Where the taking of drugs become a "habit", it often caused people to get into debt, which in turn led to criminal activity to pay for the dependency, again providing a reason to escape from reality—creating a cycle hard to break. This form of drug misuse leads to a breakdown in family ties and friendship—important stabilising factors in young people's lives. However, the group were also concerned about the long-term effects. A police record of drug taking stays with you for life, thus affecting other people's views about you, eg—future employers.

  The young women in the group expressed their concerns about the illegal use of drugs to lull other young women into a false sense of security, and enabling date rape situations. They were concerned about the effects of drugs on women at different times in their lives, and the different effects and consequences drug taking could have at those times, eg—during pregnancy. The group felt more work should be done with young women around these issues to raise their awareness.

  The group recognised the impact that drug taking could have on an individual's mental health. Several members of the group knew of cases of schizophrenia which had been triggered by the taking of drugs, and felt that not enough information was available to them about these health issues.


  The group felt it crucial that education and awareness about drugs, drug taking and the effects that drugs can have on the lives of the individual and their family should be widely available in the community, but also delivered through schools. They made the following recommendations:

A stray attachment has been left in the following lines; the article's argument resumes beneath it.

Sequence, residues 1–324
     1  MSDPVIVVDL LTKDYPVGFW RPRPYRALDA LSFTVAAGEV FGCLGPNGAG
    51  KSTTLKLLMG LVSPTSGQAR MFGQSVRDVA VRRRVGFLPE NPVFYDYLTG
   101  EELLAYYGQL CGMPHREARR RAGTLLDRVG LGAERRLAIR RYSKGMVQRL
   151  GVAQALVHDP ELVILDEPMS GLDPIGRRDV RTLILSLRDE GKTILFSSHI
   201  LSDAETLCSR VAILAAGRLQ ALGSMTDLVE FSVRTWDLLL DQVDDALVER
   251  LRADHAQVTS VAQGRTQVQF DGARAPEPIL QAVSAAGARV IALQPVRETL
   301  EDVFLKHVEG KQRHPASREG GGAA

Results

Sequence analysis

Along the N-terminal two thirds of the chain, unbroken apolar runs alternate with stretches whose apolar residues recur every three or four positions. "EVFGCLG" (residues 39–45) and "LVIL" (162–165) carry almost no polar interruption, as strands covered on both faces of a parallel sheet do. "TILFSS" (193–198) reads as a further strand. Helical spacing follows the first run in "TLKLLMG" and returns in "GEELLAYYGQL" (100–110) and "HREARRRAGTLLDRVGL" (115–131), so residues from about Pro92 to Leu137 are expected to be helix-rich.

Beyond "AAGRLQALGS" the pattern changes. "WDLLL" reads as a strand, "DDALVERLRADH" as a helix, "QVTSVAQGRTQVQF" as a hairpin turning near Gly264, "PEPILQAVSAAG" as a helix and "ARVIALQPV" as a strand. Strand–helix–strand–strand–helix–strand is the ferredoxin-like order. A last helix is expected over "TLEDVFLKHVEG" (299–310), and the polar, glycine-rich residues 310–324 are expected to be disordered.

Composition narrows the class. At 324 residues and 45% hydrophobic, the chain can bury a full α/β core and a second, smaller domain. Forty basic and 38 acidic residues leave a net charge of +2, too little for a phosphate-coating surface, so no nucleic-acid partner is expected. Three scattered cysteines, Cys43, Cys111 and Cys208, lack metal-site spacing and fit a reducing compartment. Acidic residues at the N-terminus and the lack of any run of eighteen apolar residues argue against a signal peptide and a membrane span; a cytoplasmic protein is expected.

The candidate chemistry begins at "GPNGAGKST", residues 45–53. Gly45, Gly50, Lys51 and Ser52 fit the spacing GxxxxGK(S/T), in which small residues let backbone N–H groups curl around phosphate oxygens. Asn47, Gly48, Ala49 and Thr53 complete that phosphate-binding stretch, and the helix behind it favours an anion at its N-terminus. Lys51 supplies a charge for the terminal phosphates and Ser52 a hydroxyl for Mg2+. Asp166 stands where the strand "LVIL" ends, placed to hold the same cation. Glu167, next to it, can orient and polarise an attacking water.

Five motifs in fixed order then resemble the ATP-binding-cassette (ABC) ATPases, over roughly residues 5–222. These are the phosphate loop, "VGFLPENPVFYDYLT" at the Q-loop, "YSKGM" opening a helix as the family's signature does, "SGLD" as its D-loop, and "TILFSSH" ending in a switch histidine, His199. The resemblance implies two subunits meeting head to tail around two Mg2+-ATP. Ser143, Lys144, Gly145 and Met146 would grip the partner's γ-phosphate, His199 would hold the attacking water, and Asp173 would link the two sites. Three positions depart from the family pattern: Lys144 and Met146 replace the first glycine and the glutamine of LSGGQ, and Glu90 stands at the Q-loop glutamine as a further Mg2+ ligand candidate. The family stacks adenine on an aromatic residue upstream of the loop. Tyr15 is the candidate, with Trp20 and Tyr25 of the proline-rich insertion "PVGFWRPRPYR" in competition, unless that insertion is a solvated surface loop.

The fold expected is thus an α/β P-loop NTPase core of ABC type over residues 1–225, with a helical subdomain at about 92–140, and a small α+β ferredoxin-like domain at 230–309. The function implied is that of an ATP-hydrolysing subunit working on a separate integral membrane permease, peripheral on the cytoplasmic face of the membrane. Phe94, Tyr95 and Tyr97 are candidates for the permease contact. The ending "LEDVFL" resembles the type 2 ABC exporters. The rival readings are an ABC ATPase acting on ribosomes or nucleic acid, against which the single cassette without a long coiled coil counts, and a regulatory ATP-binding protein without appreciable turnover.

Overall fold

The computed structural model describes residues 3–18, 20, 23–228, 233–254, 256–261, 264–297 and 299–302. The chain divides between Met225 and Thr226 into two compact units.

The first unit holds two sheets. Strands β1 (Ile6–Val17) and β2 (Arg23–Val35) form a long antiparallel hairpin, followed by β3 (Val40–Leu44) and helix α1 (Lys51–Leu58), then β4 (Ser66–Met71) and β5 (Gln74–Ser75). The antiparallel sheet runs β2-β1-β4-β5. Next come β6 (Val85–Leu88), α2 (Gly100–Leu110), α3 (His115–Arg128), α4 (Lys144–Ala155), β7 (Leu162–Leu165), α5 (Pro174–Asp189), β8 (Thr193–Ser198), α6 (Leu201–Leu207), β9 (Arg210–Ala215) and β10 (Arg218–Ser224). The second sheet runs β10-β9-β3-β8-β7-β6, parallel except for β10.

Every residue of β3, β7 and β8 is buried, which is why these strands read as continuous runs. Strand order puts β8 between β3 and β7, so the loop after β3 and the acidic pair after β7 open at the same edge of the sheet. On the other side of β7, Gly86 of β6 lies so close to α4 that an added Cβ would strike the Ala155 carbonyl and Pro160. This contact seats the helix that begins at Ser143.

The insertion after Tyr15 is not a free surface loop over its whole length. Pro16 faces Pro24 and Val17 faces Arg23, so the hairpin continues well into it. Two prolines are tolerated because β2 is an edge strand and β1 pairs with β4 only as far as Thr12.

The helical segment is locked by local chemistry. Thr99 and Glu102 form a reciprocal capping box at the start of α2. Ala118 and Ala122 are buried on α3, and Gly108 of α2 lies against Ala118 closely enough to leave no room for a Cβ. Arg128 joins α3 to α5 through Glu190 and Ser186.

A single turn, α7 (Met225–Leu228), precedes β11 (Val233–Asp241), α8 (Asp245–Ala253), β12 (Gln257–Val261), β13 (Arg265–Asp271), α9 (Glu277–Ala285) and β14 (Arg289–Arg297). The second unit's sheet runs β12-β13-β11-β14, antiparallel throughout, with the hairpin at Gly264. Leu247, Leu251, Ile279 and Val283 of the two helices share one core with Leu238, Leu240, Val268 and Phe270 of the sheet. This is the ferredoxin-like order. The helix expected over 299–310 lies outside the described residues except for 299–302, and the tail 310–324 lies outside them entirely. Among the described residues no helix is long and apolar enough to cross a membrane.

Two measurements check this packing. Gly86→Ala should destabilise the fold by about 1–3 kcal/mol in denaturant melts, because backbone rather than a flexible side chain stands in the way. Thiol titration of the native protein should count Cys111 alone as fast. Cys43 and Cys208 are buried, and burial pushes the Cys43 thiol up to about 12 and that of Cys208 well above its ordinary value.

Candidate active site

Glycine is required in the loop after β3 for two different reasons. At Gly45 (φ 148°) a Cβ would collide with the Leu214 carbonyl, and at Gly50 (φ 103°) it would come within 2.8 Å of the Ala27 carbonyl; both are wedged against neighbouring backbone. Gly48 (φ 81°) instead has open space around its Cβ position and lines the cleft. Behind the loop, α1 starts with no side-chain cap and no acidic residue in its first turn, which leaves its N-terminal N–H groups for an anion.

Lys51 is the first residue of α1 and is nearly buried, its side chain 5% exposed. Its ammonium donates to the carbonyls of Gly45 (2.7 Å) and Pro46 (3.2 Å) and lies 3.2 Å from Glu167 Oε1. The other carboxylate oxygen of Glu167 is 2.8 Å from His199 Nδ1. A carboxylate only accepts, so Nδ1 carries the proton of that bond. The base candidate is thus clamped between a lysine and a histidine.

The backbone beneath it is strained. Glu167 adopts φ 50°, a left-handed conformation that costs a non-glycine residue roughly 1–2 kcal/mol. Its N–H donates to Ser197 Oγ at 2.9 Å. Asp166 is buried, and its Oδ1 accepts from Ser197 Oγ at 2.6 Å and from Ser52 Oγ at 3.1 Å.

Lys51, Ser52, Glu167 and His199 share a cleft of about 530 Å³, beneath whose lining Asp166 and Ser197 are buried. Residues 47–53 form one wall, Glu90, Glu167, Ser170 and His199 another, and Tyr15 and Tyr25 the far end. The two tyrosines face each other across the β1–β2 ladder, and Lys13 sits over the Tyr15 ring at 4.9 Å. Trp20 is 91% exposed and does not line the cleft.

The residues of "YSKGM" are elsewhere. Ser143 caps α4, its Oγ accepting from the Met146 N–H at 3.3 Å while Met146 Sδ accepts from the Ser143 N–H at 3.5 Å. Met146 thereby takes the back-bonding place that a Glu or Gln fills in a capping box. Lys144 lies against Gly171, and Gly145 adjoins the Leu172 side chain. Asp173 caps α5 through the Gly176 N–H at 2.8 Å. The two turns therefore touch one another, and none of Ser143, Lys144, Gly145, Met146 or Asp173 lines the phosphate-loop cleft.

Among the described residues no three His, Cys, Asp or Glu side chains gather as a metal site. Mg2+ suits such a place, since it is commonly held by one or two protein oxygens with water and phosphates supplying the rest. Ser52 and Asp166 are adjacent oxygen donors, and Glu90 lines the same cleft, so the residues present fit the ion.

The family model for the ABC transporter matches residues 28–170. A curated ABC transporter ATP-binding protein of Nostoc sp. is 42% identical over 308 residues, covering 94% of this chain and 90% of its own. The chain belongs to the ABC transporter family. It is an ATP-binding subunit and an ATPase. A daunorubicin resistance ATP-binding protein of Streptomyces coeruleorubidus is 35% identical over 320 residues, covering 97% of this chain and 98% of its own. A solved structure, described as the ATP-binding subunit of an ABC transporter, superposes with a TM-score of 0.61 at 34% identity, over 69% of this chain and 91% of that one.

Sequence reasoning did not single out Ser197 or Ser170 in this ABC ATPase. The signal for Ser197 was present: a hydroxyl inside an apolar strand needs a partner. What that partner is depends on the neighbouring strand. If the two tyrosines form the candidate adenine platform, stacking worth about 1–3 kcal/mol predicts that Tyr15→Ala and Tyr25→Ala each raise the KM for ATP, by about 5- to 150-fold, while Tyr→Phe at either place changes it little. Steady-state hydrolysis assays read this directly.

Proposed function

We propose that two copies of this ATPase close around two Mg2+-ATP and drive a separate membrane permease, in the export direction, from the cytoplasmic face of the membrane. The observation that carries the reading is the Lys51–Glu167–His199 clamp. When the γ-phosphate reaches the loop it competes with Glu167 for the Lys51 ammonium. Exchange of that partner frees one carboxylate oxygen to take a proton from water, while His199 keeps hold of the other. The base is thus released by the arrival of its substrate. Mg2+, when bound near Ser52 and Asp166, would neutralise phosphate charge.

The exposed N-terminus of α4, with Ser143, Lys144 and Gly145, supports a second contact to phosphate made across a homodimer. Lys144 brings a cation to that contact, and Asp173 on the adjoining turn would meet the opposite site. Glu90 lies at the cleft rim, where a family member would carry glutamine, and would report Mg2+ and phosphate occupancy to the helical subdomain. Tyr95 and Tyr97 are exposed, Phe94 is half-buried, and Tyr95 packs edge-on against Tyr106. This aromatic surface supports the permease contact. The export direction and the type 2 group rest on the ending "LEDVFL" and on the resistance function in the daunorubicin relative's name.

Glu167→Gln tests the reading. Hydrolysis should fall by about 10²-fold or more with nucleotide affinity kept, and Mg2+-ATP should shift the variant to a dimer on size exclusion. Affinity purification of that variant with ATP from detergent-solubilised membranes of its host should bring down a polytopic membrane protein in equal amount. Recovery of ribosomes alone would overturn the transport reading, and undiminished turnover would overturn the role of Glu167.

—  Drug education should be standardised to ensure that everyone receives the same information, and that this information should be suitable for the group at which it is being aimed.

    —  Drug education should start at the same time for everyone across the country, eg—year seven in schools.

    —  Schools should ensure that time is given for PSHE lessons to enable young people to learn life skills as well as being able to pass their exams.

    —  It was strongly felt that informal teaching methods worked best, using people who had been specially trained to reach young people from a variety of backgrounds.

    —  Drug education should be more interactive, eg—Q & A sessions with ex-users and trained peer educators.

    —  The Connexions and Youth Services should be used to their full potential to provide information about drugs (and sex education) and where young people can go to get help. The group felt this particularly important for young people who are socially excluded, excluded from school and those in employment.

    —  Taking drugs is a decision made by the individual, who then must accept the consequences. Drug education should therefore place more emphasis on the pros and cons of using drugs, what they do to you and the legal implications. It was felt the "Just say no" campaign was ineffective.

    —  The group would like to see drug education "evolve" with the use of evidence based techniques, the development of which young people should be involved in.